Andrew Garfield, Gerard Butler, Greg Davies and The Corrs
Andrew Garfield and Gerard Butler join Chris to discuss their new movies. Plus, comedian Greg Davies, and Irish band The Corrs perform live in the studio.
Chris rolls out the red carpet for another fun Friday show with Andrew Garfield, discussing his latest film Breathe, based on the inspiring true story of the Cavendish family who pioneered disability mobility. There's a mascara warning as Chris gets a little teary discussing the film, before surprising Andrew with a special guest on the phone. Action hero Gerard Butler previews his huge global blockbuster Geostorm, which NASA say isn't as crazy as you'd think, and comedian Greg Davies is a busy man as he spills the beans on series 4 of his Channel 4 sitcom Man Down, Taskmaster, and his virtually sold out stand-up tour. Plus The Corrs perform songs from their upcoming album 'Jupiter Calling' live in the studio!
Pause For Thought
From Rev’d Richard Coles, cleric and broadcaster:
I think of myself as the kind of passenger who likes to talk to taxi drivers. Not always - sometimes the demands of social media require my whole attention - but more often than not I am happy to engage in conversation. Once, in an unusual reversal of roles, a driver politely asked me if I would please stop talking.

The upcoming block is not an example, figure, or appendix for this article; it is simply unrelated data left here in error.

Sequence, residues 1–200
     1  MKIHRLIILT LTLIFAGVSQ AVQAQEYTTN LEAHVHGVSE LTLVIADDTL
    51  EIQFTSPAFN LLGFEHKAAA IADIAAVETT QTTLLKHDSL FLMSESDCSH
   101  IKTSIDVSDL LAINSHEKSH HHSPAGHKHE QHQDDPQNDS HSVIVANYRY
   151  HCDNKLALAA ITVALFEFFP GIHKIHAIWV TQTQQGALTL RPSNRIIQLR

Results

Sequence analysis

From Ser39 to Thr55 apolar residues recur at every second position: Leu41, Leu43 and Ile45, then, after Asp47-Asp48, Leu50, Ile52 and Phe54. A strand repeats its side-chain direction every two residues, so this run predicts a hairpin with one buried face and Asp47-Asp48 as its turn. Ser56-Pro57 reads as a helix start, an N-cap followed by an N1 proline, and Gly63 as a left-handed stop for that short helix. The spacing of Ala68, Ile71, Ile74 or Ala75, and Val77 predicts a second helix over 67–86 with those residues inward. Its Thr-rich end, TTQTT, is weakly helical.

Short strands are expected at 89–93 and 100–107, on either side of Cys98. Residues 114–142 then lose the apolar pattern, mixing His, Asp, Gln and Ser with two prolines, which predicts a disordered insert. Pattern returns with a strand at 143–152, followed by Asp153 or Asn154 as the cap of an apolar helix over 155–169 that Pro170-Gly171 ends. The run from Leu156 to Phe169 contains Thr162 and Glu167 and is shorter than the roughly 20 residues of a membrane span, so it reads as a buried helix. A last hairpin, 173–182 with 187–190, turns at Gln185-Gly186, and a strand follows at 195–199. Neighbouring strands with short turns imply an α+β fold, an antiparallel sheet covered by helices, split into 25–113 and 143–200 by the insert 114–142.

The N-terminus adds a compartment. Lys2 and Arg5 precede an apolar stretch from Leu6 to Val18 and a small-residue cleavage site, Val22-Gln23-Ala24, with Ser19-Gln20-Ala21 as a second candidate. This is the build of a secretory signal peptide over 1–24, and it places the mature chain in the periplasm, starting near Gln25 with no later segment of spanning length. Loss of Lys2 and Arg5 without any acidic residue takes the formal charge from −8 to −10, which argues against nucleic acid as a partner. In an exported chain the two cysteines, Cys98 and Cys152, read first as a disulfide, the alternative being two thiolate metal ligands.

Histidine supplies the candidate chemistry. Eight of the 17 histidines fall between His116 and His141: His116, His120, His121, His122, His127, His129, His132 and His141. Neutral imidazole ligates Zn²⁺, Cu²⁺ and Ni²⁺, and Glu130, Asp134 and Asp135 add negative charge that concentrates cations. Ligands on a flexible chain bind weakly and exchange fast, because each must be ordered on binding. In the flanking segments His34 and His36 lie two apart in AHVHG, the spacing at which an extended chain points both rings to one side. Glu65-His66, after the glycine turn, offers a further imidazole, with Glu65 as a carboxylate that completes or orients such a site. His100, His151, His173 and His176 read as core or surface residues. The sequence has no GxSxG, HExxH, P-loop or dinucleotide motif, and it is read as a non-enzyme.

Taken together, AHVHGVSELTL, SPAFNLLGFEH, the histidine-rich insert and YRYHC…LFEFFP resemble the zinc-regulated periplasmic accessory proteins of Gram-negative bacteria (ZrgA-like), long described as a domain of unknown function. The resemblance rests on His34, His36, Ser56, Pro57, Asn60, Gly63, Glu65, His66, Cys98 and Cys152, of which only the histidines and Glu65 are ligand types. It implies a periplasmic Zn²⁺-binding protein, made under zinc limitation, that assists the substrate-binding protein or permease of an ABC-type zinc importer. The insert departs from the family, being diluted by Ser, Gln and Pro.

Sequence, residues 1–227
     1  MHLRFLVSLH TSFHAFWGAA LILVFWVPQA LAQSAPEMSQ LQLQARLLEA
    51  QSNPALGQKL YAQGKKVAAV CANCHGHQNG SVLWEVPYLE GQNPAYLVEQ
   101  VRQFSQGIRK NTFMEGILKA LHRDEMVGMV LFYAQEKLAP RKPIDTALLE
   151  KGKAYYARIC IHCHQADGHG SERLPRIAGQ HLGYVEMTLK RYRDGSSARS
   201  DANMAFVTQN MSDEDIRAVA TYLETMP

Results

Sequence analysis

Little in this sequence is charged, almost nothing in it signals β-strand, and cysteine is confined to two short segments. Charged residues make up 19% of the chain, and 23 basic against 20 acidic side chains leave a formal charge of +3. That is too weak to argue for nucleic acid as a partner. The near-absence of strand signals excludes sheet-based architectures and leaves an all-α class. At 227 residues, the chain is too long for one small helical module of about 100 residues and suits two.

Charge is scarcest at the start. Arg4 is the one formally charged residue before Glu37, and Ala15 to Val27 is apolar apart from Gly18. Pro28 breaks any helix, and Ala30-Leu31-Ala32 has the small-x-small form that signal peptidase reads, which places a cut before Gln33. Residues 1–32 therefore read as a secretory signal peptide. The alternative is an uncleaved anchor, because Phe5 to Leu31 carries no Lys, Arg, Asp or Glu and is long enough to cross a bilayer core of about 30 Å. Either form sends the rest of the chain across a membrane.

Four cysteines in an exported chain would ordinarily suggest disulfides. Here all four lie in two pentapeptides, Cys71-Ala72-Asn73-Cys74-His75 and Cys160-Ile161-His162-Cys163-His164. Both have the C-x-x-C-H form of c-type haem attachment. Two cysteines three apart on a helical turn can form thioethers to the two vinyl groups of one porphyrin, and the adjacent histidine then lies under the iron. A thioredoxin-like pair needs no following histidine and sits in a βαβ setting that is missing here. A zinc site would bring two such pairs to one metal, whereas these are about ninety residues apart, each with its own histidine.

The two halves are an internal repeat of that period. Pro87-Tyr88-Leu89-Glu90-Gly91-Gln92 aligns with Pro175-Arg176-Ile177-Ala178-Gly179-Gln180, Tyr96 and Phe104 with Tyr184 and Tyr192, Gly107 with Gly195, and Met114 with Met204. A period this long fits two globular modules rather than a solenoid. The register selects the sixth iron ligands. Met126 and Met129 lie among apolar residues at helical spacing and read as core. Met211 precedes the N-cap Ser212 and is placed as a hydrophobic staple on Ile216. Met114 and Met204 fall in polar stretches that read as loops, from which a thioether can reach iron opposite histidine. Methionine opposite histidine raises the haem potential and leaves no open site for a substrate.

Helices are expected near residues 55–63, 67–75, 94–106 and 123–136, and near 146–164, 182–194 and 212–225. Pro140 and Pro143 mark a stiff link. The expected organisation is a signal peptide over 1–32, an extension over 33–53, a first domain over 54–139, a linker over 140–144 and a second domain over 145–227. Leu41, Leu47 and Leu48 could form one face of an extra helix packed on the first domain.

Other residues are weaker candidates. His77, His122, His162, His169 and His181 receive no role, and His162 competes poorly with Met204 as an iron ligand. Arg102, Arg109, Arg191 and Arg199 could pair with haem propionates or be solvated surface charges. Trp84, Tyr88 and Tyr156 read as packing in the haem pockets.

Not so the other night, when I was being driven home late at night along the M1. I was in a dog collar and my driver was wearing a taqiya, a skull cap, and, clocking each other’s indicators of religion affiliation, Christianity and Islam, we talked shop. This happens quite often. I have talked tabernacles with a rabbi between Kings Cross and Newcastle, and discussed Diwali with a Sikh while being processed at airport security. I always enjoy these conversations because they give detail and personality to discussions which are often rather abstract and theoretical.
And so it was with the driver. By J9 we had got on to conversion, and I told him my story of finding my way to faith after the turbulence of my twenties.
“Me too,” he said. He was of North African heritage but grew up in Britain and in his twenties lapsed from the faith of his ancestors and lived a colourful life. “Sex and drugs and rock and roll, like me?” I asked. Not quite, but near enough. “I lived pretty much like any other lad in a big city in 80s Britain,” he said. So what happened?
"I just became aware of the dawn, of birdsong, of different light, and air, and sounds, and the feel of things, at different times of the day,” he said, “and suddenly I wanted to pray. So I started to, five times every day, and going to the mosque. And that was that.” And he offered me a luscious date from a paper bag. “They’re from Jerusalem,” he said.
“Oh, do you have a connection to Jerusalem?” I asked.
“Reverend, what a question!” he said, “we ALL have a connection to Jerusalem”.
I often wish the doom-laden discourse of the clash of civilisations would admit more of this - that one faith encounters another in common history, shared experience, shared dates. Peace be with you.